Lucy Valenti, president of Nicaragua’s National Tourism Chamber, agrees that the country could use “Survivor” to spin its “savage” image into a positive catchphrase — similar to Colombia’s recent campaign to turn its perception as a violent and dangerous place into the catchy tourist slogan “The only risk is wanting to stay.”

Valenti said the reality show could also give Nicaragua a unique chance to showcase its underdevelopment as an unexplored tourism destination for adventure and nature.

The truth is Nicaragua can use all the positive spin it can get these days. Since President Daniel Ortega returned to power in 2007, stories about Nicaragua in the international media have focused mostly on the Sandinistas’ political shenanigans, claims of electoral fraud and tiresome tales of political crisis and ungovernability. While tourism continues to grow in Nicaragua despite all that — and even during a global economic downturn — the number of American tourists coming here is showing signs of leveling off for the first time in many years.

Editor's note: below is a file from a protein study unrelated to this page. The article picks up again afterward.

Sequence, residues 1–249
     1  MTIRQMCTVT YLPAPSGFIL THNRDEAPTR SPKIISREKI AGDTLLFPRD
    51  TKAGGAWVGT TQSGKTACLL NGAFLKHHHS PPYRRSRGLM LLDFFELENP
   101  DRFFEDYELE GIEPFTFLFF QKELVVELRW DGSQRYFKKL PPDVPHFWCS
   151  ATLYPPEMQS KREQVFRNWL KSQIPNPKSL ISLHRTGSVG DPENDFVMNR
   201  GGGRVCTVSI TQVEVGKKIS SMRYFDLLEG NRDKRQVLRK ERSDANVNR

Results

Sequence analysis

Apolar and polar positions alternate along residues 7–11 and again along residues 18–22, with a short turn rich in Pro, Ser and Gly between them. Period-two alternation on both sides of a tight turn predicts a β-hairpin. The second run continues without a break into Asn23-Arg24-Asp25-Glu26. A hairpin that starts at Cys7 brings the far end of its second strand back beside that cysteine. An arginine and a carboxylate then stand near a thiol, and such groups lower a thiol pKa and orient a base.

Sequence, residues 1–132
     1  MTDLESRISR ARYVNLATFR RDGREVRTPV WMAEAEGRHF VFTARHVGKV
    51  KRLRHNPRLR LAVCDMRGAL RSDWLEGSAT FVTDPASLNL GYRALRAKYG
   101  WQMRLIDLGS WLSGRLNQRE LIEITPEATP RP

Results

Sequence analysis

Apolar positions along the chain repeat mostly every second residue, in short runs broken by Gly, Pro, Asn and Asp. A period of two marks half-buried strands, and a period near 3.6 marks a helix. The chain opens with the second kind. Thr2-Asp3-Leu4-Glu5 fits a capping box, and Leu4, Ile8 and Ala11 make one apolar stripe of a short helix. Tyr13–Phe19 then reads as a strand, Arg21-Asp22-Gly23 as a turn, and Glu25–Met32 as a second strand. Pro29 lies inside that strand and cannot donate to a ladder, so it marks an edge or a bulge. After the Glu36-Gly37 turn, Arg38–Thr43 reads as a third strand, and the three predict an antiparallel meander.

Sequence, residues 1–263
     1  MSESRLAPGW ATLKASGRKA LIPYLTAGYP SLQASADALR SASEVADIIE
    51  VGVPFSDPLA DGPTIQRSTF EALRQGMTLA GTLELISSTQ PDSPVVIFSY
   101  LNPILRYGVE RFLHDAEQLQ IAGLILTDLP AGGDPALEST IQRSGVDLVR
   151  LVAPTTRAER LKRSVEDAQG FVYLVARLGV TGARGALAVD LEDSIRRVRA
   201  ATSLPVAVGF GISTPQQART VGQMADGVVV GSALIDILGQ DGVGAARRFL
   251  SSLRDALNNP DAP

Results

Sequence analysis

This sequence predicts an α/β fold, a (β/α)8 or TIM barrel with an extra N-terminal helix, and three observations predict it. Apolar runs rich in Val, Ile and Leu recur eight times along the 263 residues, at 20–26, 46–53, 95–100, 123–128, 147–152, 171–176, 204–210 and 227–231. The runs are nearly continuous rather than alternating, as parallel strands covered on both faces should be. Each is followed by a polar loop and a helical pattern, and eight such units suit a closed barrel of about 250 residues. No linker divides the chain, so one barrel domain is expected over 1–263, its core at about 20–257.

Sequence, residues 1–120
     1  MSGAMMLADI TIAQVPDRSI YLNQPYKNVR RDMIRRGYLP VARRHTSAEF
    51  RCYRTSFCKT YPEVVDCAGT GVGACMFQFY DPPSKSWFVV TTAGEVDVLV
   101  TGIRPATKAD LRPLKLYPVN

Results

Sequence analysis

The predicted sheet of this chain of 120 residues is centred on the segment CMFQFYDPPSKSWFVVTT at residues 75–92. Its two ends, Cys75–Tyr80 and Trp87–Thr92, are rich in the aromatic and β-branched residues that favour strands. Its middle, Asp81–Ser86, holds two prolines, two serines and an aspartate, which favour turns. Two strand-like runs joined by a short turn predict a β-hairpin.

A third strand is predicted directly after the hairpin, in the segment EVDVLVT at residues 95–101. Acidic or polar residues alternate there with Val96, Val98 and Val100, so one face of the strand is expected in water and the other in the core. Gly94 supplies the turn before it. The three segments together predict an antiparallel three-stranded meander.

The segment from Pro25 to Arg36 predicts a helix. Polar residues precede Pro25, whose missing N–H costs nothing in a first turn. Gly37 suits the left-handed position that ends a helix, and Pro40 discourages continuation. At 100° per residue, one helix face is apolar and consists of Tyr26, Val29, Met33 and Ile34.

So the dirty tricks and cutthroat politics of Survivor contestants in the reality show competition will come as a welcome distraction from the real thing in Nicaragua’s government. Plus, by becoming part of mainstream American TV culture, Nicaragua will be able to reach out the large segment of people who otherwise may never have considered this country as a place to spend a week’s vacation.

“’Survivor’ is a unique opportunity for a host nation to reach out to the world,” said Leisa Francis, the show’s co-executive producer. “The show is created in a way that highlights the host nation’s scenic beauty, its wildlife and its culture. Survivor delivers a video postcard of the host nation. The promotional value is extraordinary.”